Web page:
Monday, November 28, 2011

Testosterone Boosts Sexual Function in Men on SSRIs

One of the issues for men (and women) on SSRI antidepressants is the loss of sexual desire and function. But new research suggests that for men at least, testosterone treatments can restore some sexual function. Good news for men who need the medications and still want to enjoy an active sex life.

Worth noting is that the men in the study had to have a morning total testosterone level of 350 ng/dl or less, which is clinically low to begin with. The study establishes no connection between SSRI meds and low testosterone.

This was posted at Brain Posts.

Testosterone Boosts Sexual Function in Men on SSRIs

Selective serotonin reuptake inhibitor antidepressants (SSRIs) such as fluoxetine (Prozac) continue to be a common first-line treatment for major depression and a variety of anxiety disorders.  Although generally well tolerated, sexual side effects are common in both men and women taking SSRIs.

There are a variety of options for managing sexual side effects.  These can include reducing the dose of the SSRI, switching (or augmenting) with antidepressants without sexual side effects or in men considering a trial of an erectile dysfunction drug such as sildenafil (Viagra).

Now a small clinical trial suggests that testosterone gel may be another option for men with SSRI-related sexual dysfunction.

A team of researchers from Israel and the United States combined to perform a randomized placebo-controlled trial of testosterone gel in men with low or low-normal serum testosterone levels.  The key elements of this randomized trial published in The Journal of Sex and Marital Therapy include:
  • Male subjects with DSM-IV major depression currently or within last year
  • Taking one of eight SSRI drugs
  • Current HAM-D depression severity rating scale of twelve or greater
  • Morning total testosterone levels less than or equal to 350 ng/dl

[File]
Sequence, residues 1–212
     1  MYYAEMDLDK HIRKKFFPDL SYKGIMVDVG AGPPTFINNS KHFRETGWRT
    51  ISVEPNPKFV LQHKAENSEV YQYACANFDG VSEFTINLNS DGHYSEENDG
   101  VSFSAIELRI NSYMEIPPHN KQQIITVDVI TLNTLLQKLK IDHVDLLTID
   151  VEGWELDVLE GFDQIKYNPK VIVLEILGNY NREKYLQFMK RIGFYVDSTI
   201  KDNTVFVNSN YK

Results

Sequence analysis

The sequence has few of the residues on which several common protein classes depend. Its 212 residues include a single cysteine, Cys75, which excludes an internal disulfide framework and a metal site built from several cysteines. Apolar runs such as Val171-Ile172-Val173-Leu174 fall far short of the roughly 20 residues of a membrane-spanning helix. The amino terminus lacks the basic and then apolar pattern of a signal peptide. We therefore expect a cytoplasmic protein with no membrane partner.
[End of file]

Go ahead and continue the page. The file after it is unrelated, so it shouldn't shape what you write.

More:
• Randomized to receive testosterone gel (5 gram/day) versus placebo gel
  • Primary sexual function outcome measured by the International Index of Erectile Function (IIEF)
It should be noted this present study was a secondary analysis from data collected to determine if testosterone augmentation would improve depression in men partially responsive to SSRI treatment.  This explains the requirement that at least moderate depressive symptoms were required for participation in the study.  The second reference below is the results manuscript for the testosterone augmentation in depression study.  This study found limited support for testosterone augmentation in depression.

The testosterone augmentation group showed an improvement in IIEF scores in a variety of domains compared to the placebo group.  This included improvement in subscales in the domains of sexual desire, erectile function and orgasmic function.

The authors were unable to demonstrate a correlation between testosterone levels and improved sexual functioning ratings.  Of note, some of the participants with low screening testosterone on more accurate testing later on admission samples showed normal testosterone levels.  These individuals appeared to have as much improvement in sexual function measures as men with low serum testosterone levels.

The authors note they were unable to distinguish whether impaired sexual function in this sample of subjects was due to SSRI treatment, major depression or a pre-existing hypothalamic-pituitary-gonadal functioning.  Nevertheless, they note their study supports "the need for systematic clinical research to determine the therapeutic utility--including the effect on sexual function--of androgen replacement in depressed men, and the proper sequence of treatment".

It should be noted that although testosterone gel is approved for use in hypogonadism in men, it is not approved for sexual dysfunction in men with normal serum testosterone levels.  Testosterone therapy poses significant risk and should only be considered in the context of a medical evaluation by a physician.  Testosterone supplementation may increase risk for prostate cancer.  Subjects in the study described here were required to have normal prostate specific antigen levels (PSA less than 4.0 ng/ml) to participate in the study.

Photo of green sea turtle from Loggerhead Marinelife Center of Juno Beach, Florida from author's personal file.

Amiaz R, Pope HG Jr, Mahne T, Kelly JF, Brennan BP, Kanayama G, Weiser M, Hudson JI, & Seidman SN (2011). Testosterone gel replacement improves sexual function in depressed men taking serotonergic antidepressants: a randomized, placebo-controlled clinical trial. Journal of sex & marital therapy, 37 (4), 243-54 PMID: 21707327

Pope HG Jr, Amiaz R, Brennan BP, Orr G, Weiser M, Kelly JF, Kanayama G, Siegel A, Hudson JI, & Seidman SN (2010). Parallel-group placebo-controlled trial of testosterone gel in men with major depressive disorder displaying an incomplete response to standard antidepressant treatment. Journal of clinical psychopharmacology, 30 (2), 126-34 PMID: 20520285

1 comment:

Male sexual dysfunction said...

Testosterone isn't the only fuel for a man's sex drive and performance. But low testosterone can reduce your ability to have satisfying sex. Lack of sex drive and erectile dysfunction are sexual problems that can result from low testosterone. If low testosterone is the cause, treating it can help.